Managing Risk for Commercial Real Estate Investing

Analyzing the Financials

In part one of this series, Managing Risk for Commercial Real Investing Part 1, we talked about inherent risks, and why projects fail. Now part 2 focuses on the financial analysis of the deals. Managing risk for commercial real estate investing for many is trial and error. That is not a good methodology for making decisions. You must understand the details and the facts pertaining to reality.

Expenses

Our company looks at dozens of proposals each month. The majority of the Offering Memorandums received, by far, show numbers that are projections. They show the potential returns, assuming all spaces have been leased, rental rates will be increasing, minimal repairs and maintenance expenses will be incurred, etc. But what if these don’t happen? Even when you evaluate actual expense numbers, you need to ensure that the expenses are proportionate to the size and structure of the asset. Maintenance contingencies need to be built into your financial analysis. You should be working with at least the last two years of expense data. Key categories of expenses should include management costs, administration costs, utilities, repairs and maintenance, grounds (parking lots/structures, landscaping, signage, etc.) and reserves for future contingencies. Also needed is an understanding of the trends in taxes, insurance and maintenance.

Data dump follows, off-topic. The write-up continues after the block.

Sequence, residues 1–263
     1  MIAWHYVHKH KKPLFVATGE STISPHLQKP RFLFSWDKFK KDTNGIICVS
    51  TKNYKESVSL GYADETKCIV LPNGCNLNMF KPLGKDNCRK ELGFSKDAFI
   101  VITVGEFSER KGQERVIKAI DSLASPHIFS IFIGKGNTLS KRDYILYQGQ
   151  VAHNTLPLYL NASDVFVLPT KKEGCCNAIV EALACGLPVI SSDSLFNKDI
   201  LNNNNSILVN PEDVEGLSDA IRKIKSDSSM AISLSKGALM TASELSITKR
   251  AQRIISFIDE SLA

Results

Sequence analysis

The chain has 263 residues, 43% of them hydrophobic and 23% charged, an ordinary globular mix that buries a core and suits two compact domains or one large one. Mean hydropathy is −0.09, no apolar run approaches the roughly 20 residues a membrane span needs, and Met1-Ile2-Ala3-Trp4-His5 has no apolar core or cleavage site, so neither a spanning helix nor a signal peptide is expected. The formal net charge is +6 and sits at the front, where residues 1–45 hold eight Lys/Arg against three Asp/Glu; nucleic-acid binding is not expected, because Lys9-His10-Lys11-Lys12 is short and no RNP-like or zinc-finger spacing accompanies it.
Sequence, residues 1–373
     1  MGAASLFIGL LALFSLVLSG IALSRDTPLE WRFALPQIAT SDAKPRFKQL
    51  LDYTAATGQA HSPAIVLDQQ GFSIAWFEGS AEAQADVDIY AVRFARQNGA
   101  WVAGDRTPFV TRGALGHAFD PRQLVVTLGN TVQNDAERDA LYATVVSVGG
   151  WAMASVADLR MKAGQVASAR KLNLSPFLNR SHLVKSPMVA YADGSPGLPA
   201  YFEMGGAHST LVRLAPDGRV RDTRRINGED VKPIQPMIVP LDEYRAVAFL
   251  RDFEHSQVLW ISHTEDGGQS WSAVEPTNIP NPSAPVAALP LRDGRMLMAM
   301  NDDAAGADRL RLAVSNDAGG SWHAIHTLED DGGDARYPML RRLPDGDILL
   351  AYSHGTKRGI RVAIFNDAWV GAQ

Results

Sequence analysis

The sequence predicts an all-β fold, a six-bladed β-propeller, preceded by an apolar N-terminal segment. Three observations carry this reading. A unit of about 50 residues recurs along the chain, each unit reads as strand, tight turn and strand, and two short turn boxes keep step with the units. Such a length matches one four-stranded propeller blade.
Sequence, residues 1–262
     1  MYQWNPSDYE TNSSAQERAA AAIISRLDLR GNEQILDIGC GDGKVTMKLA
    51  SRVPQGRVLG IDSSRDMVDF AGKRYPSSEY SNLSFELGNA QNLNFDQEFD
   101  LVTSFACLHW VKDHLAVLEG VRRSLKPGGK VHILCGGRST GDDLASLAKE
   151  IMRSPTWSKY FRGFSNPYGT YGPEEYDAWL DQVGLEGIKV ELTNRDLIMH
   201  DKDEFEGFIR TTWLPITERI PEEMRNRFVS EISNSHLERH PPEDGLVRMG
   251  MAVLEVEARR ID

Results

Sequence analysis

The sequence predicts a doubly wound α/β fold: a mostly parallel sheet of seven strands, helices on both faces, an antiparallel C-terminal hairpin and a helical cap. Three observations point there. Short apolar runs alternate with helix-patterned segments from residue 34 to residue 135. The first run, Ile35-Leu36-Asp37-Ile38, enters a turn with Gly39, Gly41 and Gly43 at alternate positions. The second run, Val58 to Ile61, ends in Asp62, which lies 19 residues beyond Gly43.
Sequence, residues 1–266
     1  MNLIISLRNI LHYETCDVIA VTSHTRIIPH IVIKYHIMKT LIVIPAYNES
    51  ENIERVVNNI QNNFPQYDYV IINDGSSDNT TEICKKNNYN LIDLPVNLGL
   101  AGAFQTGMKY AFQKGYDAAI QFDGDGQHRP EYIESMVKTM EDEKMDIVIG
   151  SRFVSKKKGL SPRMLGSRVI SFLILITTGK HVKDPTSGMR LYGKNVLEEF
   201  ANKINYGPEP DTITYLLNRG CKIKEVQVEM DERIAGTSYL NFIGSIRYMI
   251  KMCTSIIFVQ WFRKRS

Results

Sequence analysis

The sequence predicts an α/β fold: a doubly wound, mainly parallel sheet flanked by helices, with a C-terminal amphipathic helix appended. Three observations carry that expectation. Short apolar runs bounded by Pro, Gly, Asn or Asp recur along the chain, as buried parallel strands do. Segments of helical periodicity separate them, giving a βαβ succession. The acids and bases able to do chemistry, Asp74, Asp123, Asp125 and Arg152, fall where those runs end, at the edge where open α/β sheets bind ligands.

When you evaluate actual expense numbers, you need to ensure that the expenses are proportionate to the size and structure of the asset. Click To Tweet

Income

Expenses are one-half of the analysis. There is the also the income side. How complete and current are the numbers you are working with? Looking at the rent roll, you need to look at lease expiration dates and the feasibility of having a good percentage of the tenants renew. And what rate could you charge or is the rate locked in based on the options the tenant was granted in the lease? Creating a matrix evaluating each tenant by size, term and stability will help identify any exposures for the current tenant base. Be careful not to obtain estoppel certificates too far in advance of closing or assumptions of retention will be jeopardized.

Next in the series in Part 3, we will explore How to mitigate risk and see what conclusions we reach.

Image Courtesy “Risk Ahead Sign Shows Dangerous Unstable And Insecure Warning” by Stuart Miles FreeDigitalPhotos.net

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